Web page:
I also was displeased by two cliches in the script. First, why is it that humans (or apes) always die before revealing all they know? Second, one of the mutant warriors was named Sergeant York. Seriously? Sergeant York?
The performances still hold up. McDowall has now reigned as the intelligent chimp, and seeing the agony his son's agony and death bring are moments of strong acting (especially strong given he is in full ape make-up). Darden's Kolp is still the slightly removed and imperious Inspector from Conquest, but his villainy is created in part by the fear and hatred the Simian Uprising and the nuclear destruction brought about him. Of the newer faces, it seems strange that Lew Ayres or John Huston would be so convincing as apes (a credit to the still-impressive make-up work). Ayres has a small role as Mandimus, but he makes the most of being the conscience of Caesar by guarding the Armory (the only one who could speak truth to power, so to speak). Huston's role as the Lawgiver is more like a cameo (given he appears only in the beginning and end) but his distinctive voice keeps our attention.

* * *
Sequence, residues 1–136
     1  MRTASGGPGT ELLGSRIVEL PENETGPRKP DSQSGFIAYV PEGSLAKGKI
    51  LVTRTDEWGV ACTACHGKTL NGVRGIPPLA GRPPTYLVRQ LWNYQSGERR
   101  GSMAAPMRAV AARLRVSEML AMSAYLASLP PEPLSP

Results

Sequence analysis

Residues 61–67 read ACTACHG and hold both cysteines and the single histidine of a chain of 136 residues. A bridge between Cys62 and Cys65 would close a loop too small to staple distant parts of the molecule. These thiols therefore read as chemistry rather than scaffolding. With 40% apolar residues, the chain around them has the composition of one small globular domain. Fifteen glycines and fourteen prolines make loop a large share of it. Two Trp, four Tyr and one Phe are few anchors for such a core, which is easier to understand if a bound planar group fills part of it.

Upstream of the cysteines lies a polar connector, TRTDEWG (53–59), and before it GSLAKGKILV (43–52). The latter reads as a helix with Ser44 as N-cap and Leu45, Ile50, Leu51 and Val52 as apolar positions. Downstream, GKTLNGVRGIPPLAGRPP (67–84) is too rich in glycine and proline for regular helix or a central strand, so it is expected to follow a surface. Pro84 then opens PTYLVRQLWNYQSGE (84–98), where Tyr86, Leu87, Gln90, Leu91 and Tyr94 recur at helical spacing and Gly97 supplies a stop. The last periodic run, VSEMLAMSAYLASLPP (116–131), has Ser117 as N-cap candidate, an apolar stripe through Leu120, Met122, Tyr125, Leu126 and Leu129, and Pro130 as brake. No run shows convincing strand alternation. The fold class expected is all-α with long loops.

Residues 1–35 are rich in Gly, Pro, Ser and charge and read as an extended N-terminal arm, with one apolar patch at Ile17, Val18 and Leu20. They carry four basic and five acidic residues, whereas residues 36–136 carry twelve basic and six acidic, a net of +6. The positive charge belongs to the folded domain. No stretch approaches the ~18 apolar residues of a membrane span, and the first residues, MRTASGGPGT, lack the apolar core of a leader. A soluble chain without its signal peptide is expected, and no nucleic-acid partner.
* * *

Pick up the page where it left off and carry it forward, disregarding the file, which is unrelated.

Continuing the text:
The main flaws in Battle for Planet of the Apes, again, come from a smaller budget. You can see this at certain points: the same treehouses are blown up, the forest at one point looks like a set, and seeing a school bus be part of Kolp's army is a little strange (logical, perhaps, but still might elicit chuckles). However, the battle scenes do have a certain level of excitement (though not as good as one with a really big budget) and we still have a great relevance to the times. The Ape films have been dominated by the theme of how the fear of "the other" has led to tragedy, and here, the fear that humans and simians have (as well as the hatred for them and the idea of how one is the superior species) continues to have hold. I also wondered while watching Battle for Planet of the Apes if there wasn't a hint about our military adventure in Vietnam.